Loch Awe station is a wayside halt on the Oban line beside Loch Awe (Loch Obha). In the above picture an Oban to Glasgow train at Loch Awe station with Loch Awe and a snow covered Ben Lui in the distance. In the middle distance the ruins of Kilchurn Castle can just be seen. Loch Awe is the longest freshwater loch in Scotland at 25.5 miles (41 km).
A camping coach is located on the other side of the line from the single platform and the picture to the right shows the location of the station and camping coach below the impressive Loch Awe Hotel. Click on this picture for a larger view of the hotel from across the Loch. The hotel is typical of Victorian hotels built to co-inside with the coming of the railway. Often as an investment with the promoters of the railway to share the potential tourism opportunities that the railway brought before mass car ownership and macadamised road surfaces made access to the Scottish Highlands relatively easy.
Two pictures of a ScotRail service crossing the River Orchy Bridge where the River Orchy flows into Loch Awe. The picture on the left was taken in May and the summer service is augmented to four coaches (Two 2-car 156 DMUs), whereas the winter service simply amounts to a single 2 car DMU.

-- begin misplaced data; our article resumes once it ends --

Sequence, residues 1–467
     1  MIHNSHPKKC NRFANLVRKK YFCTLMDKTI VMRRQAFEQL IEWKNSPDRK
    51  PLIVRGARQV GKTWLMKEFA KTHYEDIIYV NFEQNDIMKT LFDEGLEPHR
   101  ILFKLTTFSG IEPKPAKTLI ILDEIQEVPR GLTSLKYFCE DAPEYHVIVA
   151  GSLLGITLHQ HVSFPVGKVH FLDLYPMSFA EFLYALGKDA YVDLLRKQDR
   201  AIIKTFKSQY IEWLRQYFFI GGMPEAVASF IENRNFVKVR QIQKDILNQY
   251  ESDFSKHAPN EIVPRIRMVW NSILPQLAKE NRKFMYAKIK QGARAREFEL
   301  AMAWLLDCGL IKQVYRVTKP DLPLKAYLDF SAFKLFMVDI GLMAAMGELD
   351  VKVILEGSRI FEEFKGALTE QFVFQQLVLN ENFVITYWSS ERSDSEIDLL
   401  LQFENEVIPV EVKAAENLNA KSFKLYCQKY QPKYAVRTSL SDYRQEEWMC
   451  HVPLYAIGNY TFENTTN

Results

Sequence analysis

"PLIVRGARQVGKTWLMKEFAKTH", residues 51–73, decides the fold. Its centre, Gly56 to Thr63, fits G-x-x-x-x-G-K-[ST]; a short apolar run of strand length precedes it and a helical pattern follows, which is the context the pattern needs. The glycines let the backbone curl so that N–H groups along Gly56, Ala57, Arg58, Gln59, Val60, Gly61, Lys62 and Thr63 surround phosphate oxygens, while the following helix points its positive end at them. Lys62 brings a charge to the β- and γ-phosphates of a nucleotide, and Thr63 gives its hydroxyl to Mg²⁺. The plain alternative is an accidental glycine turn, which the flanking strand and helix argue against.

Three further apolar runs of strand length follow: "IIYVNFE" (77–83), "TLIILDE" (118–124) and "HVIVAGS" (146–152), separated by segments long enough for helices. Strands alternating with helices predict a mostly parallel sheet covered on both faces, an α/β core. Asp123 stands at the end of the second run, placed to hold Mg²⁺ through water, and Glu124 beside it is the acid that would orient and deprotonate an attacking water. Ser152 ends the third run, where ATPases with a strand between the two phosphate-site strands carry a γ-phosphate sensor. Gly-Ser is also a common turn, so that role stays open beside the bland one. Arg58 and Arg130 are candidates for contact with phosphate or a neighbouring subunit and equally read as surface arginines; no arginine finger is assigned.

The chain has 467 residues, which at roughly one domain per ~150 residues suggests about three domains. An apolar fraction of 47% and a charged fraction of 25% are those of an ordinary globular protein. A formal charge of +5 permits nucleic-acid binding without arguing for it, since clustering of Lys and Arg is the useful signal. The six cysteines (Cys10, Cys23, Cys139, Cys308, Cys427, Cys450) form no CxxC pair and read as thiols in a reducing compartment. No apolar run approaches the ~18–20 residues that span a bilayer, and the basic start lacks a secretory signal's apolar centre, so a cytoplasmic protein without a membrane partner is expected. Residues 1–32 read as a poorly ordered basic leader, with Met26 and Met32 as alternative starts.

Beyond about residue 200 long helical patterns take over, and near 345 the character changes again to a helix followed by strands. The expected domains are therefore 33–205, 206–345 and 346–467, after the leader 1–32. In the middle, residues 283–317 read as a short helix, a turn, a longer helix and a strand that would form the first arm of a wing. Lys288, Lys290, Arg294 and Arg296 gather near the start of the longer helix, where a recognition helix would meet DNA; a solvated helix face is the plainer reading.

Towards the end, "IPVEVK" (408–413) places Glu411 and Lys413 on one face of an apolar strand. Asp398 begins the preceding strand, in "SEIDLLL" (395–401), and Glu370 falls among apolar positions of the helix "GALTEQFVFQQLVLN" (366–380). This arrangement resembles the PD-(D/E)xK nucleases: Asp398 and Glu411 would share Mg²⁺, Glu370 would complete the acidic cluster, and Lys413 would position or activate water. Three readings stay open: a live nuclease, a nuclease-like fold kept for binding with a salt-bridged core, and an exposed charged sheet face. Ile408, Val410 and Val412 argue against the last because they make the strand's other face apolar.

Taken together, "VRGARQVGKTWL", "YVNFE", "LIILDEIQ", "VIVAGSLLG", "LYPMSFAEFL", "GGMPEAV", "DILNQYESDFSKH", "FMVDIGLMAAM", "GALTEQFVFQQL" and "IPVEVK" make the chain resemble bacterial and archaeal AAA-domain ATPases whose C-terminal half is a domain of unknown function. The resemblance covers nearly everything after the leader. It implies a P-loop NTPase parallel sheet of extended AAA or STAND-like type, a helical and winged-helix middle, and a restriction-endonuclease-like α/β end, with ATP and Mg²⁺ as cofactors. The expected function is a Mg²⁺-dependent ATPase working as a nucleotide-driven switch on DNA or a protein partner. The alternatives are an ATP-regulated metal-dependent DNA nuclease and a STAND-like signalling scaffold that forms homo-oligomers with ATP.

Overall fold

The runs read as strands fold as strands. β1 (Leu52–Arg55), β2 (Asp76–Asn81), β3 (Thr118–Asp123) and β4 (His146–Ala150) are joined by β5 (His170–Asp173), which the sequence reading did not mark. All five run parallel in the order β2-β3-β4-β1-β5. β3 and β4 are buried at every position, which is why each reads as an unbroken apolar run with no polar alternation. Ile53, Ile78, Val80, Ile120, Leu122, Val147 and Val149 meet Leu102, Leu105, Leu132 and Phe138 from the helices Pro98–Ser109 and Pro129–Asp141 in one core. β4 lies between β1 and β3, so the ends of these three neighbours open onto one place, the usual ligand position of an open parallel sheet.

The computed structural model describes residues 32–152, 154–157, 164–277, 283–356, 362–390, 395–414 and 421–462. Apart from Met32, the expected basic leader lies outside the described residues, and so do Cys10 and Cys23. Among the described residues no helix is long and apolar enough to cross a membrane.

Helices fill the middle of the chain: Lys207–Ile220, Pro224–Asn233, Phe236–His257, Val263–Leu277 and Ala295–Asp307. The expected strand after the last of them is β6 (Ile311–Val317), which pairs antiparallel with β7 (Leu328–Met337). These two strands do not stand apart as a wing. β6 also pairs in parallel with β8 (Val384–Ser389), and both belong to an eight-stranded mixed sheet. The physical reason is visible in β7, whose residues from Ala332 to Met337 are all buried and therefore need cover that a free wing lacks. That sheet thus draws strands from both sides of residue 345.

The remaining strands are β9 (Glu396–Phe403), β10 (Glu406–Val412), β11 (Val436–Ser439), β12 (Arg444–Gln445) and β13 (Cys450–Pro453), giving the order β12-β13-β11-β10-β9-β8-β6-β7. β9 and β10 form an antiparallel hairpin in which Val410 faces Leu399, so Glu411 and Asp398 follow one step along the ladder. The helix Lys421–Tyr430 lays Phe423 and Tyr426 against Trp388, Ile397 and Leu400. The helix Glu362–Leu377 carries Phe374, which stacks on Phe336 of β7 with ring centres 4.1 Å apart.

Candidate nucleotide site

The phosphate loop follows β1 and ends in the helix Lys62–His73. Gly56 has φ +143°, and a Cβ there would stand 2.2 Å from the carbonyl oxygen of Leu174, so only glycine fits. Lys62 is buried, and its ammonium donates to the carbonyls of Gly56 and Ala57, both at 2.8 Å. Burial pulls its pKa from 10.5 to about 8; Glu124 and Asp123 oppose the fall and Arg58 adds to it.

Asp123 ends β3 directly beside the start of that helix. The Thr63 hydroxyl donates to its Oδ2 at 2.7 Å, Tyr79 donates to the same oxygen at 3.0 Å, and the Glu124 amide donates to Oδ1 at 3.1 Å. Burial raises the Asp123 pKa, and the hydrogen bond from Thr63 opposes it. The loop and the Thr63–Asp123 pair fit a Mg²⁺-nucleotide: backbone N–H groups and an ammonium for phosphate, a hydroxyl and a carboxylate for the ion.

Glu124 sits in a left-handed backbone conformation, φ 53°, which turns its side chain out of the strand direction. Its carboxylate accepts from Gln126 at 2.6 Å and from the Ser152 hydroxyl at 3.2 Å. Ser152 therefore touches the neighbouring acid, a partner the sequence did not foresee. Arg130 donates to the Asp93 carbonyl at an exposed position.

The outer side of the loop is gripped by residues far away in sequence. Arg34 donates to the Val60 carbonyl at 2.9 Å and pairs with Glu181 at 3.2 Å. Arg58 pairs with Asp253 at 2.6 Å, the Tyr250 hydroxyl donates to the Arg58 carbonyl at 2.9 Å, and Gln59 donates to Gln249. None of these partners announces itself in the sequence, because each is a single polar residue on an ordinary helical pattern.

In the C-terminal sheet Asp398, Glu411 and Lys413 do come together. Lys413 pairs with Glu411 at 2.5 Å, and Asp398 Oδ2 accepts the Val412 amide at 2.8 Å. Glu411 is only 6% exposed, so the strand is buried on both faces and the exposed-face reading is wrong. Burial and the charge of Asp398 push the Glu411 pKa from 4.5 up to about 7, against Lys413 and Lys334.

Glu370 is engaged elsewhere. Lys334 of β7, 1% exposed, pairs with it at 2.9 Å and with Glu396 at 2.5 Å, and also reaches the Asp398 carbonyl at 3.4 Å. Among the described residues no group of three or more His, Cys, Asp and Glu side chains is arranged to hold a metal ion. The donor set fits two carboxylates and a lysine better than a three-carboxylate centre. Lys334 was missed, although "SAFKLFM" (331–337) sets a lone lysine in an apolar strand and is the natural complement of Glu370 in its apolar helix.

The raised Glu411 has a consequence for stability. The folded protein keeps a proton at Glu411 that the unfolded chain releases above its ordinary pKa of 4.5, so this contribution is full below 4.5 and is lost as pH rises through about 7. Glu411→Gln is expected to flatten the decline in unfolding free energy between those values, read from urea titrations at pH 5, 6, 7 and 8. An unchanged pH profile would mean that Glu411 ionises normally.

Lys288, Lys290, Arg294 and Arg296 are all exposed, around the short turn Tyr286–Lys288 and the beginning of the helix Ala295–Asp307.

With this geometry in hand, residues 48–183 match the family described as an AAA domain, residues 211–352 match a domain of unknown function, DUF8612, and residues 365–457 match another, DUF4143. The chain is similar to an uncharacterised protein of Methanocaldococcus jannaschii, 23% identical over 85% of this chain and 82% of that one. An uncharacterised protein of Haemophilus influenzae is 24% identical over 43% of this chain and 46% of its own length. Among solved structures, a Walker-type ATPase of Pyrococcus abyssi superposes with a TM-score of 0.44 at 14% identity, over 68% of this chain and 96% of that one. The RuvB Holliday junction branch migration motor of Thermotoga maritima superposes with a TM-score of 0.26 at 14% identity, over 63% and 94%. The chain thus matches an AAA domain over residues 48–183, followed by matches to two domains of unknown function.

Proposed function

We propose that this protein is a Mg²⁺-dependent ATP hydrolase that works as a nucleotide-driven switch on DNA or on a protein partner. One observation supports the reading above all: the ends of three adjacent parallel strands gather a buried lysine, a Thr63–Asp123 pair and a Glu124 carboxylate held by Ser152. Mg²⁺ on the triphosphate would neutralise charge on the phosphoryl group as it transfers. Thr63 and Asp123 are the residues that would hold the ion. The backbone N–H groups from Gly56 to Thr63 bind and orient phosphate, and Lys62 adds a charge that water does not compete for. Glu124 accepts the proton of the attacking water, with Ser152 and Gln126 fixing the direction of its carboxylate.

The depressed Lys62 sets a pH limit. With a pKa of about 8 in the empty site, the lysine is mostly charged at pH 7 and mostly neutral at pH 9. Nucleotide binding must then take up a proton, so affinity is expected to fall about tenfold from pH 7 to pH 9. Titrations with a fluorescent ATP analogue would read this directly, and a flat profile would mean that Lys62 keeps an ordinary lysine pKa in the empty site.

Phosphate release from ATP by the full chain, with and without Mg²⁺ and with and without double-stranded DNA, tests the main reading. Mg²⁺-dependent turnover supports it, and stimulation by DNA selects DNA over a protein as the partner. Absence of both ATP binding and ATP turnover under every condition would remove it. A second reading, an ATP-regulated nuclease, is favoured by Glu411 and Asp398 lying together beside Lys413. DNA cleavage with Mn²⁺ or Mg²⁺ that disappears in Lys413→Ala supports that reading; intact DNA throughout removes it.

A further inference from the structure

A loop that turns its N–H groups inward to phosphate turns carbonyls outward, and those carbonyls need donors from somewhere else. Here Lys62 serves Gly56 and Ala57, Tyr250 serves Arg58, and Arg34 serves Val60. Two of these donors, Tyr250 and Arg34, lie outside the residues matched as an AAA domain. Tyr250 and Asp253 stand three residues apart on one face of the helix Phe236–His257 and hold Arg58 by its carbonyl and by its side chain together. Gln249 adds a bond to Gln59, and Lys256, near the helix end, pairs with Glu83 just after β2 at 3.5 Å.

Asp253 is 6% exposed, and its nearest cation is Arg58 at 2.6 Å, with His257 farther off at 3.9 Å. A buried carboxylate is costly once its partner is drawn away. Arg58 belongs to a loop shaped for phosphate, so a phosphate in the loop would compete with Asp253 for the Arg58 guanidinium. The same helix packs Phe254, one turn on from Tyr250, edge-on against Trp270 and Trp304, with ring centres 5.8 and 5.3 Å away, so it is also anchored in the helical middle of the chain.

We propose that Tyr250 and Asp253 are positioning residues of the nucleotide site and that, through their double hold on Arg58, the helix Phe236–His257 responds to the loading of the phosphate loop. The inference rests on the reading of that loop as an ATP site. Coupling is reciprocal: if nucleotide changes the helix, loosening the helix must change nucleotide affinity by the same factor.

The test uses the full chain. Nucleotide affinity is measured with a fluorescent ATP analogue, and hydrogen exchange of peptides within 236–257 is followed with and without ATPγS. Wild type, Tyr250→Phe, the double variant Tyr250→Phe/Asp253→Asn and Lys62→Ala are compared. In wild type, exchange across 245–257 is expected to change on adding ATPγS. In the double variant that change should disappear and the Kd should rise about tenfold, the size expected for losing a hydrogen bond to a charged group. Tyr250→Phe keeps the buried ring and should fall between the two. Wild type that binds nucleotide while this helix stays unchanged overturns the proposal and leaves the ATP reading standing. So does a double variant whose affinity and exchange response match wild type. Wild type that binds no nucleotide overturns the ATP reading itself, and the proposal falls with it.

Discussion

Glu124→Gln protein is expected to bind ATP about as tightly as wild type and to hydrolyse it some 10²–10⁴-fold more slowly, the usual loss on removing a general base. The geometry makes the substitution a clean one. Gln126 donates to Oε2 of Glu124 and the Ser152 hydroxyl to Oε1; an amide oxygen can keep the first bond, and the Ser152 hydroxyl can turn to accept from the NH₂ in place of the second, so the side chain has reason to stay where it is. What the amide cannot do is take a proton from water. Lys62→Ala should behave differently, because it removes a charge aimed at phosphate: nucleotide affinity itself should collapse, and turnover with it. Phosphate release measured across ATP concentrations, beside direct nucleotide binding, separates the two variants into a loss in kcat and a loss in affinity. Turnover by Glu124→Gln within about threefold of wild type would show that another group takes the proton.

Kilchurn Castle is an impressive ruin in a very imposing setting which fully reflects the visitors romantic expectations of Scotland; a land of mountains, lochs and ruined castles. The castle has a long history and is an example of the Clan Campbell’s fiefdom over the whole area. It started as a more modest keep in the 15th Century and was subsequently developed by the Campbells, ultimately as a military garrison. Throughout it was the subject of several sieges and eventually the Campbells abandoned it in the middle of the 18th century. Shortly after it was struck by lightening and from that time it was allowed to fall into ruin. It is now protected from further decay by Historic Scotland. For a fuller account of the history this Heritage Site provides a fuller summary of the Castle’s history. Click on the image to obtain a better appreciation of the castle and its scenic setting.